A Video Conversation with Martin Kelley

Yesterday, The Quaker Ranter, Martin Kelley, and I sat down over video (he’s in NJ) and had a conversation about some of the difficulties with insider Quaker lingo and the problems that presents for “outsiders.” We also discussed this in relation to using YouTube as a way to get the word out, and how we might go about doing something like this.  The conversation is the first (trial) run of a series Martin will be conducting, something I personally look forward to. I enjoyed being the Guinea Pig.

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Wess

...is the William R. Roger Director of Friends Center and Quaker Studies at Guilford College in Greensboro, NC., PhD in Intercultural Studies from Fuller Theological Seminary, served as a "released minister" at Camas Friends Church, and father of three. He enjoys sketchnoting, sharing conversation over coffee with a friend, listening to vinyl and writing creative nonfiction.

5 thoughts on “A Video Conversation with Martin Kelley”

  1. I love the idea of showing rather than telling (videos of people living the faith rather than “talking heads” explaining the faith)–it’s a very well-known piece of advice for writers, and I think it would work for intro to Quakersism as well.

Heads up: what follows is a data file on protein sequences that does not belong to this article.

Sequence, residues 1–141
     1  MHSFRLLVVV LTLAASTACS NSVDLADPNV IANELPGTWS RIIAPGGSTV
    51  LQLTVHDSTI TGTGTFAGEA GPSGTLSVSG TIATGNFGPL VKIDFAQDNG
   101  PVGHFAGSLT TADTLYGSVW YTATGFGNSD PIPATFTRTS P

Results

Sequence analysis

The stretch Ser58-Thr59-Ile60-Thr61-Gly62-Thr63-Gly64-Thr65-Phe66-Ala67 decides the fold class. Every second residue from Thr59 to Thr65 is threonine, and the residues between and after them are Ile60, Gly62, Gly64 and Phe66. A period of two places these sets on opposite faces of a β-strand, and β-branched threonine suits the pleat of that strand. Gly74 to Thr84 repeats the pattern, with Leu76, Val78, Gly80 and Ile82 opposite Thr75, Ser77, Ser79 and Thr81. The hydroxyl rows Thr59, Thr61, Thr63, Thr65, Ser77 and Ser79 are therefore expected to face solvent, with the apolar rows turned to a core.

And, the idea of revisiting some of our language use is key.

    Good video! Great start to the series.

    cath

  2. Thanks for the comments everyone, glad you enjoyed it. I did too, I wonder if Martin and I could have our own Quaker TV show? Something along the lines of perfect strangers or something, only living it out in different cities…

    I’ll stop now, before I come up with other silly ideas…I’m still wired on the cup of coffee I drank at 8 this morning.

  3. Wonderful video, hope to see more.

    Two comments:

    1) I’m one of those who came to Quakerism through the Beliefnet quiz, though it took me several years to act on it. Why did it take so long? Partially because I assumed that Quakers were extinct or nearly so. And partially because the quiz subtly trivializes the faith experiences it treats.

    2) On Quaker “insider” language. I appreciate the concern that insider language might be off-putting for newcomers. But as a relative newcomer myself, I’d also suggest that language is an important aspect of any social community– or “folk group” as they say in ethnography. I think most people, and most visitors to a Friends meeting, are perceptive enough to sense this. More off-putting for newcomers (to some meetings) might be a sense that there’s a disconnect between Friends’ langauge and their actions.

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